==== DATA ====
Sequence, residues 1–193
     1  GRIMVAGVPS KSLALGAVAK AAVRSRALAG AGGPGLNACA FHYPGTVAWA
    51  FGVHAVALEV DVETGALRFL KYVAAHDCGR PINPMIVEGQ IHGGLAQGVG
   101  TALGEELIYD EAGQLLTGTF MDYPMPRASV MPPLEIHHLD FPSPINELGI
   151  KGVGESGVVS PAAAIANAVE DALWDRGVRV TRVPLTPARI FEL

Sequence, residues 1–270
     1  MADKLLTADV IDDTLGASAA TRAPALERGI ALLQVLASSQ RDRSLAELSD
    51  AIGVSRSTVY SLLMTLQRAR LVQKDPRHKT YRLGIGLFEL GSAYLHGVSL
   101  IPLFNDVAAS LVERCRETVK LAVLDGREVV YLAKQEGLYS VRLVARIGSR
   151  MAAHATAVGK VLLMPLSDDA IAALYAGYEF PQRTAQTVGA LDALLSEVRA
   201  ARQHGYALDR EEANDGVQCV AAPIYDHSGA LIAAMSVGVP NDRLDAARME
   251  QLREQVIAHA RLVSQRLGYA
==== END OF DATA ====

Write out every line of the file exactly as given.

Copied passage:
Sequence, residues 1–193
     1  GRIMVAGVPS KSLALGAVAK AAVRSRALAG AGGPGLNACA FHYPGTVAWA
    51  FGVHAVALEV DVETGALRFL KYVAAHDCGR PINPMIVEGQ IHGGLAQGVG
   101  TALGEELIYD EAGQLLTGTF MDYPMPRASV MPPLEIHHLD FPSPINELGI
   151  KGVGESGVVS PAAAIANAVE DALWDRGVRV TRVPLTPARI FEL

Sequence, residues 1–270
     1  MADKLLTADV IDDTLGASAA TRAPALERGI ALLQVLASSQ RDRSLAELSD
    51  AIGVSRSTVY SLLMTLQRAR LVQKDPRHKT YRLGIGLFEL GSAYLHGVSL
   101  IPLFNDVAAS LVERCRETVK LAVLDGREVV YLAKQEGLYS VRLVARIGSR
   151  MAAHATAVGK VLLMPLSDDA IAALYAGYEF PQRTAQTVGA LDALLSEVRA
   201  ARQHGYALDR EEANDGVQCV AAPIYDHSGA LIAAMSVGVP NDRLDAARME
   251  QLREQVIAHA RLVSQRLGYA